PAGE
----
Authorization determines what a user can see and do in an application. An authorization system is used to define access control policies, and those policies are later enforced so that access requests are granted or denied. To secure resources in SAS Viya there are three authorization systems of which you need to be aware.
The General Authorization system secures folders within the SAS Viya environment and the content of folders, for example, reports or data plans. It can also secure access to functionality.
The CAS Authorization system secures CAS libraries, tables (including rows and columns) and CAS actions.
The File system authorization system secures files and directories on the OS, for example code or source tables for CAS libraries.
In this post, I will provide a high-level overview of the General and CAS authorization systems. If you want to dig into more detail please see the SAS Viya Administration Guide Authorization section.
An important factor in authorization is the identity of the user making the request. In a visual deployment of SAS Viya the General and CAS authorization systems use the same identity provider, an LDAP server. The other common feature between the two authorization systems is that they are deny-based. In other words, access to resources is implicitly disallowed by default. This is important as it marks a change for those familiar with metadata authorization in SAS 9.4.
You can administer both general and CAS authorization from SAS Environment Manager. CAS authorization may also be administered from CAS Server Monitor and from the programming interfaces via the accessControl action set. In SAS Viya 3.3, command-line interfaces are available to set authorization for both systems.
General Authorization System
The general authorization system is used to administer authorization for folders, content and functionality. The general authorization system is an attribute based authorization system which determines authorization based on the attributes of the:
- Subject: attributes that describe the user attempting the access e.g. user, group, department, role, job title etc.,
- Action: attributes that describe the action being attempted e.g. read, delete, view, update etc.
- Resource (or object): attributes that describe the object being accessed (e.g. the object type, location, etc.)
- Context (environment): attributes that deal with time, location etc.
This attribute model supports Boolean logic, in which rules contain “IF, THEN” statements about who is making the request, the resource, the context and the action.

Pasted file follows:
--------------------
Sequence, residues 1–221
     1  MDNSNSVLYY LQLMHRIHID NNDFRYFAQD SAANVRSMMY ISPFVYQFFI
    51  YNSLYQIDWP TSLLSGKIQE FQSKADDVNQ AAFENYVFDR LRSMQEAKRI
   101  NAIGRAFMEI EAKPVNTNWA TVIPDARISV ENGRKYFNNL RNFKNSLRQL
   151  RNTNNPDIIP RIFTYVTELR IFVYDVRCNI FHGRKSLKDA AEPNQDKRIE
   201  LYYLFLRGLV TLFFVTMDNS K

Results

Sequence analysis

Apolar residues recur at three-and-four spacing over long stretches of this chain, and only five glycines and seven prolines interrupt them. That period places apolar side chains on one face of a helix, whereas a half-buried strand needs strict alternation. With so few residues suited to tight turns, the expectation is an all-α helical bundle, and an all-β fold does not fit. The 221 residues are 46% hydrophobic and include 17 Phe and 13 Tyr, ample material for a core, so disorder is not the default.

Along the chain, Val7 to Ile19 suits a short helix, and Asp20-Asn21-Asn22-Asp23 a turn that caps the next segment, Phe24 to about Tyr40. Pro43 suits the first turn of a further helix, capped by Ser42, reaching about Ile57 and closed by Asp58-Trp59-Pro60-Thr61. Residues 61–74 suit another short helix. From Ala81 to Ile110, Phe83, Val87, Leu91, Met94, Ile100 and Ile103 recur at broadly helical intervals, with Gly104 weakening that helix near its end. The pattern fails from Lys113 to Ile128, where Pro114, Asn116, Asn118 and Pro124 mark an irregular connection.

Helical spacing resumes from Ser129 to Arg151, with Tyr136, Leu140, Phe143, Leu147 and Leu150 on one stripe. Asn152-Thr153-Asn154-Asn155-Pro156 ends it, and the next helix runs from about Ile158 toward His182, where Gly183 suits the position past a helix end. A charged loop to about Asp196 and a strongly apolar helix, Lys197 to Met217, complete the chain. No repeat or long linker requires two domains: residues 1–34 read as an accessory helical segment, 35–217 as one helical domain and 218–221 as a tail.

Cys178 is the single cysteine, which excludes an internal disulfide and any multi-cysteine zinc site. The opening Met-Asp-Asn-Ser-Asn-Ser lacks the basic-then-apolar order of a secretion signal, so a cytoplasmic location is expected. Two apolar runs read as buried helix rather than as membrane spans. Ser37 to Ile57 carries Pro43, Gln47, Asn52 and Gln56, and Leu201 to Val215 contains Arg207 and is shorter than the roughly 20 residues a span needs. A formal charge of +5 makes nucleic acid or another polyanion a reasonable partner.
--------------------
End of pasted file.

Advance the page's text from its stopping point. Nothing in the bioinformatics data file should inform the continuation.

In the general authorization system, information about the requesting user, the target resource, and the environment can influence access. Each access request has a context that includes environmental data such as time and device type. Environmental constraints can be incorporated using conditions.
Permission inheritance in the general authorization system flows through a hierarchy of containers. Each container conveys settings to its child members. Each child member inherits settings from its parent container. Containers can be folders, or rest endpoints which contain functionality. For example, a folder will pass on its permissions to any children which can be additional sub-folders, or content such as reports or data plans.
In the general authorization system precedence, the way in which permission conflicts are resolved, is very simple, the only factor that affects precedence is the type of rule (grant or prohibit). Prohibit rules have absolute precedence. If there is a relevant prohibit rule, effective access is always prohibited.
So, a deny anywhere in the object or identity hierarchy for the principal (user making the request) means that access is denied.
The CAS authorization system mostly focuses on data. It makes sense therefore that it is implemented in the style of a database management system (DBMS). DBMS style authorization systems focus on securing access to data. The permissions relate to data for example, read, write, update, select etc., and some CAS-specific ones like promote and limited promote.
Permission inheritance in the general authorization system flows through a hierarchy of objects, The hierarchy is CASLIB > table > rows/columns.
In the CAS authorization system precedence, the way in which permission conflicts are resolved is determined by where an access control is set and who can access control is assigned to. The precedence rules are:
- Direct access controls have precedence over inherited settings.
- Identity precedence from highest to lowest is user > groups > authenticated users.
To put this another way, if a direct access control is found on an object it will determine access. If multiple direct access controls are found, a control for a user will be used over a control for a group, which will be similarly be used over a control for all authenticated users. If no direct access control is found on, for example, a table, settings will be inherited from the CASLIB in a similar manner.
A final note on CASLIBSs, there may be additional authorization that needs to be considered to provide access to data. For example, for a path based CASLIB if host-layer access requirements are not met, grants in the CAS authorization layer do not provide access.
This has been a brief look at the two authorization systems in a SAS VIYA environment. The table below summarizes some of the information in this blog.